FERC Rejects Duke-Progress Merger Mitigation Plan
On December 14, 2011, FERC rejected a merger mitigation proposal (Mitigation Proposal) submitted by Duke Energy Corporation (Duke Energy) and Progress Energy, Inc. (Progress Energy), finding the Mitigation Proposal inadequate to remedy the adverse effects of the companies’ proposed merger on competition in the Carolinas markets. Duke Energy Corp., 137 FERC ¶ 61,210 (2011). FERC had issued an order conditionally accepting the merger on September 30, 2011 (Merger Order). Duke Energy Corp., 136 FERC ¶ 61,245 (2011). The merger remains conditionally accepted, and Duke Energy and Progress Energy may submit a revised mitigation proposal.
Under their Mitigation Proposal, Duke Energy and Progress Energy proposed a “virtual divestiture” option suggested by FERC in the Merger Order. The virtual divestiture consisted of a must-offer obligation to sell specific quantities of energy at cost-based rates to entities that serve load, directly or indirectly, in the Duke Energy Carolinas and Progress Energy Carolinas-East Balancing Authority Areas. FERC found that Duke Energy and Progress Energy’s supporting analysis for the Mitigation Proposal was flawed and failed to demonstrate that, if implemented, it could adequately reduce market concentration. The analysis was based on the assumption that all Available Economic Capacity (AEC) would be sold in equal amounts to two entities that do not currently control any capacity in the Carolinas markets. FERC stated that Duke Energy and Progress Energy failed to explain how two new buyers would begin participation in the market and each purchase one-half of the amount of AEC offered. FERC concluded that Duke Energy and Progress Energy’s analysis demonstrated that the Mitigation Proposal could remedy the market power screen failures in some, but not all, situations.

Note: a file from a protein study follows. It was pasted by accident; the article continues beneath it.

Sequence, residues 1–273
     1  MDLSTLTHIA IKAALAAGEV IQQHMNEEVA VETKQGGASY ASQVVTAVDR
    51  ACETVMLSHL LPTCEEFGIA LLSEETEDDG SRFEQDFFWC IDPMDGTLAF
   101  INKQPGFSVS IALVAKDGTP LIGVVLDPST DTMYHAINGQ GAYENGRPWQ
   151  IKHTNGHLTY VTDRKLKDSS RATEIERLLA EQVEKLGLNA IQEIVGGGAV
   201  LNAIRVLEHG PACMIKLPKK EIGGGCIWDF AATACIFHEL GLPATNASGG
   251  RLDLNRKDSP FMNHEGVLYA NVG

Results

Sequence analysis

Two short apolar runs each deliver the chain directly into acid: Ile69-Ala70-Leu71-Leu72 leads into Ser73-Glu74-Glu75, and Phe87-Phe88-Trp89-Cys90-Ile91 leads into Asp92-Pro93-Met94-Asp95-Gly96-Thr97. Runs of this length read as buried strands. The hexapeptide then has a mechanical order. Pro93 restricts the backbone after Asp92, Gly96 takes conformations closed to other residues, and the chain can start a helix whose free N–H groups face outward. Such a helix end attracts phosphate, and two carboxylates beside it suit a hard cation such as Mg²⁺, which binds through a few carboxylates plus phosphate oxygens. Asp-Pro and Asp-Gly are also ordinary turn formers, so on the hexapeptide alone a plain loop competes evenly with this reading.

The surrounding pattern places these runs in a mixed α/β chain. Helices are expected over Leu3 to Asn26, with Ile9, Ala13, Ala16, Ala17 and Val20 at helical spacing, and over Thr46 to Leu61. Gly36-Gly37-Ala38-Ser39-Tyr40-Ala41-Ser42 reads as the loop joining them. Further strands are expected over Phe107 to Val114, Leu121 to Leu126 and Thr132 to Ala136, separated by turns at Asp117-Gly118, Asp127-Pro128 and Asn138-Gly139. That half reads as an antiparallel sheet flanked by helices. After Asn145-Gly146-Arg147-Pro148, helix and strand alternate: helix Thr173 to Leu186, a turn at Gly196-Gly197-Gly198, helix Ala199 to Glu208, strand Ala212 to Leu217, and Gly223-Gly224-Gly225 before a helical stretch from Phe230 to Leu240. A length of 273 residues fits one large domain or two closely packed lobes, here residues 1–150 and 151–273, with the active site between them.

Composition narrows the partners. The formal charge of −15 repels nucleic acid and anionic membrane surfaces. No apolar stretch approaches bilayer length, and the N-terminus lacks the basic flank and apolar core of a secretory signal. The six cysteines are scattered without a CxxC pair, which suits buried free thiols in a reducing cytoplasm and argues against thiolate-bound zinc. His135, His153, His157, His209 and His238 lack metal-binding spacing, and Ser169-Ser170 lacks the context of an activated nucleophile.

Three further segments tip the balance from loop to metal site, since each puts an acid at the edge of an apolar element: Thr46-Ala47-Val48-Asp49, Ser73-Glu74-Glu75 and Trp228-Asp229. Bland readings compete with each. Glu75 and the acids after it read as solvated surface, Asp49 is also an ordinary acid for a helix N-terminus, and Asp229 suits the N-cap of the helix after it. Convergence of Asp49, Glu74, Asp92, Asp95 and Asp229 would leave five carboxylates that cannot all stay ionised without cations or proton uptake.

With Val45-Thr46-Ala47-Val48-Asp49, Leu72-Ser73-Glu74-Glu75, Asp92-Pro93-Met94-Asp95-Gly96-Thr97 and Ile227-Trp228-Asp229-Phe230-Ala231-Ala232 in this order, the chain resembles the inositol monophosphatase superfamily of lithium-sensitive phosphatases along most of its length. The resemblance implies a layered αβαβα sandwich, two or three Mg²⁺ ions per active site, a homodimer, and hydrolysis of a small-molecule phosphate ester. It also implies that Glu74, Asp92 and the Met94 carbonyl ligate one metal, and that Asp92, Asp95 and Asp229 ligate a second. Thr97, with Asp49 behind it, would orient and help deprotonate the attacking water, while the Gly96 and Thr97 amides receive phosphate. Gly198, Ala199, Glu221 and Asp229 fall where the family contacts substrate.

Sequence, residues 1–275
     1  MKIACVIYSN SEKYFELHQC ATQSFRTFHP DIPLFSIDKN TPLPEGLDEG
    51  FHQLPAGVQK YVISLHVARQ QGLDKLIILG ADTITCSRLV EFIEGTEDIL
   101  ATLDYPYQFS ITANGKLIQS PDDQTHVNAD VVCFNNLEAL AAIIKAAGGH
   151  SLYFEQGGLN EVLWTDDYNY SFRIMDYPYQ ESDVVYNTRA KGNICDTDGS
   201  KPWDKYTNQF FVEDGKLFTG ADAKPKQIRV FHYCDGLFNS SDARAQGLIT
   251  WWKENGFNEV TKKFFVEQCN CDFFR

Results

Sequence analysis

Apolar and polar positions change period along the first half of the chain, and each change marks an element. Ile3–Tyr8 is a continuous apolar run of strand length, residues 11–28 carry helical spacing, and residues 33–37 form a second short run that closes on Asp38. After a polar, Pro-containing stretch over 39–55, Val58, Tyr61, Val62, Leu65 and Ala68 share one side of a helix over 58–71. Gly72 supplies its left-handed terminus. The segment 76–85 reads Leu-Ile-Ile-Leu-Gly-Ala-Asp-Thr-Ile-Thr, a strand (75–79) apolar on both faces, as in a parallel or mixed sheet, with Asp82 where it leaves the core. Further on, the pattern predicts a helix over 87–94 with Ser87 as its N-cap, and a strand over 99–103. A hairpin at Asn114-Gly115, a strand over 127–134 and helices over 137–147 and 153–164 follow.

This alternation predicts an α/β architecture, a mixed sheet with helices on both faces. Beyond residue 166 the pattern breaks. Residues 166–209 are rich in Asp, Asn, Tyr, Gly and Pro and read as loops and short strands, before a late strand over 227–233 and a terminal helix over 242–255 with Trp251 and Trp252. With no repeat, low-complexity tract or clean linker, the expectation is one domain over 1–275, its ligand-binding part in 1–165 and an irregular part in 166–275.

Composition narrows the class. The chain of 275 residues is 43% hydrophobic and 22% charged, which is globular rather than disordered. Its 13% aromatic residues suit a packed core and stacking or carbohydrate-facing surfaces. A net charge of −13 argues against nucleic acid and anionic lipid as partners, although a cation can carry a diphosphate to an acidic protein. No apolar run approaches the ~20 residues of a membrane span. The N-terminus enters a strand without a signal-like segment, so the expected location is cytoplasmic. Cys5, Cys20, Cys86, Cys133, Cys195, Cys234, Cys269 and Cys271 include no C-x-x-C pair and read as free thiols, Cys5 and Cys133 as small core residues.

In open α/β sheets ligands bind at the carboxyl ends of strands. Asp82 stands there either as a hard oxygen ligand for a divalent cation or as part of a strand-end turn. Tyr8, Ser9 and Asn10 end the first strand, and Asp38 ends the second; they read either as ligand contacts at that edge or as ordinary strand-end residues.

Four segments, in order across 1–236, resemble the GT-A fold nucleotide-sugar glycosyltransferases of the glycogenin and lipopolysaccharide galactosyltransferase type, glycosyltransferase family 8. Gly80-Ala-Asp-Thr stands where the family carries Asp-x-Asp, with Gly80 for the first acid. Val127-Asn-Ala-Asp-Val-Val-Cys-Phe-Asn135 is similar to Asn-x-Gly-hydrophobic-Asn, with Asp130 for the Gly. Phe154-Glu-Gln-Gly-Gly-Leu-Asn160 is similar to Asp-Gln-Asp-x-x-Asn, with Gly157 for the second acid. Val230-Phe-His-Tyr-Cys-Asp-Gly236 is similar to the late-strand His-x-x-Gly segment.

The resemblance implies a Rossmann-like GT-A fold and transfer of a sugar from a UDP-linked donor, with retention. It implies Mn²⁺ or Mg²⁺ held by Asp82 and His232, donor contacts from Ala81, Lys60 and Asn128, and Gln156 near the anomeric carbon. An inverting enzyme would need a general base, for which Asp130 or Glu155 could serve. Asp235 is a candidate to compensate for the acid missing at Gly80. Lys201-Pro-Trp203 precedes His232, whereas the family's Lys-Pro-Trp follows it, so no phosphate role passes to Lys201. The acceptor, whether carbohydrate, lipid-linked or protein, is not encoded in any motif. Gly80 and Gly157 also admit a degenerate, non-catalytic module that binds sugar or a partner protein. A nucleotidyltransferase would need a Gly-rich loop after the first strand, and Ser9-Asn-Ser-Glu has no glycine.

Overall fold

FERC also determined that the Mitigation Proposal did not adequately mitigate the market power screen failures because the proposed virtual divestiture would not transfer control of Duke Energy’s and Progress Energy’s generation from the merged firm. Instead, Duke Energy and Progress Energy proposed to offer power only to certain buyers and in the form of products that FERC found few, if any, buyers would be interested in purchasing. This provided no guarantee that the Mitigation Proposal would attract sufficient buyers for the AEC.
Additionally, FERC found that the Mitigation Proposal (a) did not address with certainty the availability of the AEC; (b) presented limited information on the price at which AEC could be offered; (c) imparted limited information about how the amount of AEC offered would be calculated; and (d) did not detail Duke Energy’s and Progress Energy’s reliability obligations, which would allow them too much discretion regarding when delivery could be interrupted, would reduce the marketability of the AEC, and would provide an opportunity for them to retain control of the AEC.
FERC also took issue with the length of time that the Mitigation Proposal was to remain in effect (eight years), finding that Duke Energy and Progress Energy provided no evidence that the adverse competitive effects of the merger would be remedied within that time period. Finally, FERC concluded that the Mitigation Proposal would not provide sufficient oversight of the proposed mitigation because it lacked the necessary details on how the independent monitoring entity’s oversight function would operate.